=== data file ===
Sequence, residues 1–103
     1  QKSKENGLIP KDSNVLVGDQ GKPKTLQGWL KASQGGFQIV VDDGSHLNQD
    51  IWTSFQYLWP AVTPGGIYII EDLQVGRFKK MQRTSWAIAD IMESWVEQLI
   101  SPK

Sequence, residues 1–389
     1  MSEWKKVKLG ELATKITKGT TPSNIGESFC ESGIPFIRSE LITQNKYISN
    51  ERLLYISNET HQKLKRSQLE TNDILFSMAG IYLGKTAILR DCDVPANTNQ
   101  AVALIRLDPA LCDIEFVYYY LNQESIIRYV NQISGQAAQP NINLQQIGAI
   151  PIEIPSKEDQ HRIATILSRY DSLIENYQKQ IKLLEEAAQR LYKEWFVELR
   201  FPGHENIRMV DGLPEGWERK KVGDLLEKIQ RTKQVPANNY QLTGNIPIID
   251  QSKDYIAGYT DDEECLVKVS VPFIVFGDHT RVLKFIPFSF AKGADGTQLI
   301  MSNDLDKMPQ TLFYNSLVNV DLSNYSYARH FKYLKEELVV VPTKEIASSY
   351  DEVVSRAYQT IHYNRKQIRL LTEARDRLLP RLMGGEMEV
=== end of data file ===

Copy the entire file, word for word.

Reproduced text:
Sequence, residues 1–103
     1  QKSKENGLIP KDSNVLVGDQ GKPKTLQGWL KASQGGFQIV VDDGSHLNQD
    51  IWTSFQYLWP AVTPGGIYII EDLQVGRFKK MQRTSWAIAD IMESWVEQLI
   101  SPK

Sequence, residues 1–389
     1  MSEWKKVKLG ELATKITKGT TPSNIGESFC ESGIPFIRSE LITQNKYISN
    51  ERLLYISNET HQKLKRSQLE TNDILFSMAG IYLGKTAILR DCDVPANTNQ
   101  AVALIRLDPA LCDIEFVYYY LNQESIIRYV NQISGQAAQP NINLQQIGAI
   151  PIEIPSKEDQ HRIATILSRY DSLIENYQKQ IKLLEEAAQR LYKEWFVELR
   201  FPGHENIRMV DGLPEGWERK KVGDLLEKIQ RTKQVPANNY QLTGNIPIID
   251  QSKDYIAGYT DDEECLVKVS VPFIVFGDHT RVLKFIPFSF AKGADGTQLI
   301  MSNDLDKMPQ TLFYNSLVNV DLSNYSYARH FKYLKEELVV VPTKEIASSY
   351  DEVVSRAYQT IHYNRKQIRL LTEARDRLLP RLMGGEMEV